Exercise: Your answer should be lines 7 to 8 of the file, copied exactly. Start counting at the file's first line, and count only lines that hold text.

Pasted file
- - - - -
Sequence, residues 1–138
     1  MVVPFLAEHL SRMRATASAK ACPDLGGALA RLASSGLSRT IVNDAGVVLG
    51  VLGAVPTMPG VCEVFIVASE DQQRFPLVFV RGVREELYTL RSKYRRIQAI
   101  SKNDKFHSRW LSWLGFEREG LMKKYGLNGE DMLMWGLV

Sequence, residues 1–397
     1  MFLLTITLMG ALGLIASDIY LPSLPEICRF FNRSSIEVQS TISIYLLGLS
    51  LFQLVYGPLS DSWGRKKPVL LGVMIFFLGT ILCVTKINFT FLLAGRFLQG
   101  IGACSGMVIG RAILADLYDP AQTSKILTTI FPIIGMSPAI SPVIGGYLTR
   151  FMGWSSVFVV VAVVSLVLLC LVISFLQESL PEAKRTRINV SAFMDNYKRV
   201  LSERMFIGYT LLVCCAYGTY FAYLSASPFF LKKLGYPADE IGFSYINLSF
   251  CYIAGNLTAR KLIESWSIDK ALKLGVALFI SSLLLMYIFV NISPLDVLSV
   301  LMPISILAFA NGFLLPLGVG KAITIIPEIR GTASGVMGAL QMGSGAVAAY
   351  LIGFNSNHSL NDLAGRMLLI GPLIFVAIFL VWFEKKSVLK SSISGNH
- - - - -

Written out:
    51  LFQLVYGPLS DSWGRKKPVL LGVMIFFLGT ILCVTKINFT FLLAGRFLQG
   101  IGACSGMVIG RAILADLYDP AQTSKILTTI FPIIGMSPAI SPVIGGYLTR